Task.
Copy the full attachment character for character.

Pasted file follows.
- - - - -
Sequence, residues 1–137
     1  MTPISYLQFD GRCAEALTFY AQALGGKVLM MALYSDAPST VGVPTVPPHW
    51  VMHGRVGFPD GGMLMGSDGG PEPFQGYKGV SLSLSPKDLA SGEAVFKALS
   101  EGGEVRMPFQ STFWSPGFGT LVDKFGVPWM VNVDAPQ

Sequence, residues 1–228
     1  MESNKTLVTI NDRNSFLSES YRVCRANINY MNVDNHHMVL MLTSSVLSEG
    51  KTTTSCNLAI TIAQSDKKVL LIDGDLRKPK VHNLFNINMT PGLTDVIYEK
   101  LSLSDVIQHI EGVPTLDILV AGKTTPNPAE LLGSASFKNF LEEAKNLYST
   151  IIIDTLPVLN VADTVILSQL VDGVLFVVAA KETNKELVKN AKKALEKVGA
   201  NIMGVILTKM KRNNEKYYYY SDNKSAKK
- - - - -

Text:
Sequence, residues 1–137
     1  MTPISYLQFD GRCAEALTFY AQALGGKVLM MALYSDAPST VGVPTVPPHW
    51  VMHGRVGFPD GGMLMGSDGG PEPFQGYKGV SLSLSPKDLA SGEAVFKALS
   101  EGGEVRMPFQ STFWSPGFGT LVDKFGVPWM VNVDAPQ

Sequence, residues 1–228
     1  MESNKTLVTI NDRNSFLSES YRVCRANINY MNVDNHHMVL MLTSSVLSEG
    51  KTTTSCNLAI TIAQSDKKVL LIDGDLRKPK VHNLFNINMT PGLTDVIYEK
   101  LSLSDVIQHI EGVPTLDILV AGKTTPNPAE LLGSASFKNF LEEAKNLYST
   151  IIIDTLPVLN VADTVILSQL VDGVLFVVAA KETNKELVKN AKKALEKVGA
   201  NIMGVILTKM KRNNEKYYYY SDNKSAKK